Help! My Child Can’t Sit Still

walking on a pathway

Author: Peggy Ployhar
Published in: THSC Review August 2016
Published on: Aug. 1, 2016

Every once in a while, the Texas Home School Coalition Special Needs Department gets a call from a parent saying, “I can’t get my student to sit still. How can we get any work done if my child can’t sit long enough to complete an assignment?” Although there are many variables involved in answering this question, the biggest hurdle I usually encounter is trying to help this parent realize that sitting still doesn’t mean learning is happening; quiet desk work doesn’t mean the best learning method is being delivered.

In fact, learning and movement go hand in hand. Many new studies decisively show that lack of movement actually decreases overall brain function, thus increasing the overall time a child needs to process new data. The science behind how movement affects learning has to do with the delivery of two very important chemicals to the brain which stimulate faster thinking. In an active child, oxygen and glucose are constantly being delivered to the brain; but once a child sits, it takes less than ten minutes for those resources to be pulled away from the brain and for learning to slow down and a sleepy state to set in.

Unfortunately, most research done on the connection between learning and movement is done on test subjects who are typical learners—not children with special needs. In his book, Teaching with the Brain in Mind, Eric Jensen (cofounder of SuperCamp, the nation’s first brain-compatible learning program) states that movement in a special needs educational setting can be a game changer in helping students get past learning barriers that the traditional “sit in your seat and learn” type of teaching exasperates:

“Many teachers have found that programs that include movement help learners with special needs. Several hypotheses may explain this phenomenon. Many special-needs learners are stuck in counterproductive mental states, and movement is a quick way to change them. Second, movements, such as those involved in playing active games, will activate the brain across a wide variety of areas. It may be the stimulation of those neural networks that helps trigger some learning. For other students, it may be the rise in energy, the increased blood flow, and the amines that put them in a better mood to think and recall. Some routines that call for slower movement can do the reverse, calming down students who are overactive, hence supporting a state of concentration.”

Sharing Jensen’s findings usually helps a questioning parent accept that movement and learning should be added to the child’s homeschool curriculum. But, this is the question that always follows: “So, how do I teach them while they are moving?” I give the following suggestions:

  • Do flashcards while pacing the floor.

  • Put math facts on sheets of paper at your student’s hand height up a flight of stairs. Have the child touch the sheets one at a time while repeating the information.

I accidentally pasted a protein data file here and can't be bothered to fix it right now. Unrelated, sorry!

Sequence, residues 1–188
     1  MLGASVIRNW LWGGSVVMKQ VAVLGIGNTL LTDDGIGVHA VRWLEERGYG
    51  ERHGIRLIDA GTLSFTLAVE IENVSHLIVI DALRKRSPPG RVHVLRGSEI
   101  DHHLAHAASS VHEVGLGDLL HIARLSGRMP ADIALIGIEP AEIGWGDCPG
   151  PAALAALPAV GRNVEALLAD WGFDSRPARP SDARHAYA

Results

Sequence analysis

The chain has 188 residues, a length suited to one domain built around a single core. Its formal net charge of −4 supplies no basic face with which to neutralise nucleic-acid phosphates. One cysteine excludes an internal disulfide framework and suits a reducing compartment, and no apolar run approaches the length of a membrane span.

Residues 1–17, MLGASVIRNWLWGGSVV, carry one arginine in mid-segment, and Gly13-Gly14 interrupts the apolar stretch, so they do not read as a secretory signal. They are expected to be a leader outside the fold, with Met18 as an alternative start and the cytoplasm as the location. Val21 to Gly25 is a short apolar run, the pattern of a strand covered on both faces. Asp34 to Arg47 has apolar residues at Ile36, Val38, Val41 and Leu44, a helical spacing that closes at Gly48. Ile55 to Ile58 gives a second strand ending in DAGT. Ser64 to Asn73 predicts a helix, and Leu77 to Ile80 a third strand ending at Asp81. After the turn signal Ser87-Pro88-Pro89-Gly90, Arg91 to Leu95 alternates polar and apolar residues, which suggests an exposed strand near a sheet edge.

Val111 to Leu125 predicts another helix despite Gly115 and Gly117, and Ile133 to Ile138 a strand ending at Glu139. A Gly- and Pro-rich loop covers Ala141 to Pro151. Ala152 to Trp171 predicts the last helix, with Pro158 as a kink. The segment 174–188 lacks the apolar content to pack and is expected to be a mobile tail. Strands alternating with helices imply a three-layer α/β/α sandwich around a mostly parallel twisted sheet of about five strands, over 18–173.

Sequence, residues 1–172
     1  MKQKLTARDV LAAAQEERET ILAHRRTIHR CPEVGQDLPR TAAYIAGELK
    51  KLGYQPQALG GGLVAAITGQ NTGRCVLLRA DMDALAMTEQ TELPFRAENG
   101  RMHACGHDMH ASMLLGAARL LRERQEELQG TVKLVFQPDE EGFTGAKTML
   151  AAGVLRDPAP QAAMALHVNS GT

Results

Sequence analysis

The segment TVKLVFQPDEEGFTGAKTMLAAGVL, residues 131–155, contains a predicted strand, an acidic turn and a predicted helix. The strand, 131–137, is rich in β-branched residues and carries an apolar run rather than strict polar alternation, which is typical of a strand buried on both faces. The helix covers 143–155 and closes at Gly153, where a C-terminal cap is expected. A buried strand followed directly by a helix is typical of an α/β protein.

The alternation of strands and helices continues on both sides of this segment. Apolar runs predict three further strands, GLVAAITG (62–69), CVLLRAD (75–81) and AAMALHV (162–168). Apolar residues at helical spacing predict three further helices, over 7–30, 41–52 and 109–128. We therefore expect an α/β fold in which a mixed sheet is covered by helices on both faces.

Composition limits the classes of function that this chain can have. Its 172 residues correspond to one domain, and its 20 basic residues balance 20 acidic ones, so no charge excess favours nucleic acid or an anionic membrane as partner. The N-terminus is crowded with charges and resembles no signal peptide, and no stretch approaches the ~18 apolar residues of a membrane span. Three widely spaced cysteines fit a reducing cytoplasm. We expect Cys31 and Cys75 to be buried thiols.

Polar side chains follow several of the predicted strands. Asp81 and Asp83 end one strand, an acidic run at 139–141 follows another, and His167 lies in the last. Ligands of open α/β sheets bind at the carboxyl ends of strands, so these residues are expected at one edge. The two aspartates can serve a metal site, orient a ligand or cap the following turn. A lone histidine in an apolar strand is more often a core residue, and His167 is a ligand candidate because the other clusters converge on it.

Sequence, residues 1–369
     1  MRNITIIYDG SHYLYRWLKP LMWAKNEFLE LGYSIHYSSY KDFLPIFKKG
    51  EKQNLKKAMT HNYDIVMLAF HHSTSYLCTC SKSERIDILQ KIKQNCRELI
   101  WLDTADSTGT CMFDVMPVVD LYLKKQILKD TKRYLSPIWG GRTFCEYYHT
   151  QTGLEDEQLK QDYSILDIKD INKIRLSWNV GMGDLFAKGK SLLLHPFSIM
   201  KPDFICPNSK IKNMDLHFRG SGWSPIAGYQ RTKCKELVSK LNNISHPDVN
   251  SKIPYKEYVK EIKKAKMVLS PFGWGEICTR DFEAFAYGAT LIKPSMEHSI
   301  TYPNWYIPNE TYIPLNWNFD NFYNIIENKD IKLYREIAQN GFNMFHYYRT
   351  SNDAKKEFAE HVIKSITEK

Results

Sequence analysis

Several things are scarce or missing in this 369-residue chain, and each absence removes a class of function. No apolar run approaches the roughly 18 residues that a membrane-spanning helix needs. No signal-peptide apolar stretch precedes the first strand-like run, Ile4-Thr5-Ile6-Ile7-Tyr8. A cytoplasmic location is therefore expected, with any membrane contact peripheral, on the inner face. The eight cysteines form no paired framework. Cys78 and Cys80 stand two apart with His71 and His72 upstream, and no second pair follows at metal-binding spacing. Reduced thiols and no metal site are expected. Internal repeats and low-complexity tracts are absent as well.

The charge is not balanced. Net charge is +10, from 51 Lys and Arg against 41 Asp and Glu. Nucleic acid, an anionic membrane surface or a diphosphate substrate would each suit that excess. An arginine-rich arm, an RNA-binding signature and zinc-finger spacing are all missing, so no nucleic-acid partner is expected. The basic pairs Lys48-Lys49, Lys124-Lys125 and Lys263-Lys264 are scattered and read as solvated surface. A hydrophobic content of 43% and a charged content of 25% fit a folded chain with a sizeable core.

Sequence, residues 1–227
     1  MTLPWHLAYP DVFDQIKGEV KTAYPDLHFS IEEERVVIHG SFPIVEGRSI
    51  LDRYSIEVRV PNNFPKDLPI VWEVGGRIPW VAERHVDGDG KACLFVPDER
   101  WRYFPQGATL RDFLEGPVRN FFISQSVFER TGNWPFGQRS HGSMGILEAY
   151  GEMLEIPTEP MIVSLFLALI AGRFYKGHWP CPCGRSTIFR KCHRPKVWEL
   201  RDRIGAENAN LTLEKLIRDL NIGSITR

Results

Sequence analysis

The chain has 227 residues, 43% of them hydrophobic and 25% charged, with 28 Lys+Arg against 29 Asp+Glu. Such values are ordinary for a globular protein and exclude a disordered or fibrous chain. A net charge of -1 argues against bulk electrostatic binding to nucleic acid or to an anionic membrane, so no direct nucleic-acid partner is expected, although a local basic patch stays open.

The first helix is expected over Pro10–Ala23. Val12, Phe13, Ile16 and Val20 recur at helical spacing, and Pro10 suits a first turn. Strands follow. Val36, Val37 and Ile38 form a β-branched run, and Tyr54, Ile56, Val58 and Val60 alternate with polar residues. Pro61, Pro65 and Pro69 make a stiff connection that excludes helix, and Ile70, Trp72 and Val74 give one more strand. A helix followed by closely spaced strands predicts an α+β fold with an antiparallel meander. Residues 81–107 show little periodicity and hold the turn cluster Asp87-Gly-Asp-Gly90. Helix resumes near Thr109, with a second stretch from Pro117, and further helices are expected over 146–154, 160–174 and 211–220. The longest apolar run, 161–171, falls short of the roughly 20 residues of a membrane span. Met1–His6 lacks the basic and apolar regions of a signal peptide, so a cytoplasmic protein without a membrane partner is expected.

• Go beyond sitting and listening to songs that teach educational facts. Make up movements to go along with the songs.

  • Practice storytelling while on walks. One person thinks of three things to be included in the story, and another person makes up the story and tells it to the others walking with them.

  • Buy washable window markers, and have your students do their writing on the window while standing. Or, add a large blackboard to your classroom.

  • Do longer read aloud selections while your children are eating lunch or folding clothes.

  • Create a hopscotch grid that your students can use to “jump out” their spelling words.

  • Practice sight words by putting them on a wall; then, have your child read them after shooting them with a nerf gun.

  • Have your student skip count while jumping on a mini trampoline.

  • Graph math equations on the driveway with chalk.

  • Instead of doing matching activities with pen and paper, write out the items to be matched on post-it notes and have your student tape yarn to connect the matching items.

  • Have an older child practice writing skills by creating a scavenger hunt with handwritten clues that need to be written clearly and concisely for the hunter to understand and follow.

Although it would be nice to adapt all learning activities to include movement, I realize it is not always possible. Thus, my final bit of advice is to urge parents to alternate their students’ seated learning time with active learning and to limit the seated activities to ten-minute chunks. I also tell them that, over time, their students may learn to increase seated learning time. If not, the practice of switching from inactive to active learning is a good coping skill into adulthood.

If you have questions about homeschooling your struggling learner or special needs child, check out the Special Needs section of the THSC website.

Printed with permission of the author and Texas Home School Coalition. This article originally appeared in Review magazine.

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